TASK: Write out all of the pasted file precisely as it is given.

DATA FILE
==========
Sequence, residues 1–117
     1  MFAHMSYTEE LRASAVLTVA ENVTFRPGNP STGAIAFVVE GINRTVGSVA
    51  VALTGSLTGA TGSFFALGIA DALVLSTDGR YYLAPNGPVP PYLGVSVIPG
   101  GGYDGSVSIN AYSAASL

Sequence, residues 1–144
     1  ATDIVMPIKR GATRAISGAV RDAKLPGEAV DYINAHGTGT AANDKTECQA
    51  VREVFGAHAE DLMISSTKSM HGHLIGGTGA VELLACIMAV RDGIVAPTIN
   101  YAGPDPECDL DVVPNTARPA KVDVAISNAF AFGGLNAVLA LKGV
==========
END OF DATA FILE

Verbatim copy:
Sequence, residues 1–117
     1  MFAHMSYTEE LRASAVLTVA ENVTFRPGNP STGAIAFVVE GINRTVGSVA
    51  VALTGSLTGA TGSFFALGIA DALVLSTDGR YYLAPNGPVP PYLGVSVIPG
   101  GGYDGSVSIN AYSAASL

Sequence, residues 1–144
     1  ATDIVMPIKR GATRAISGAV RDAKLPGEAV DYINAHGTGT AANDKTECQA
    51  VREVFGAHAE DLMISSTKSM HGHLIGGTGA VELLACIMAV RDGIVAPTIN
   101  YAGPDPECDL DVVPNTARPA KVDVAISNAF AFGGLNAVLA LKGV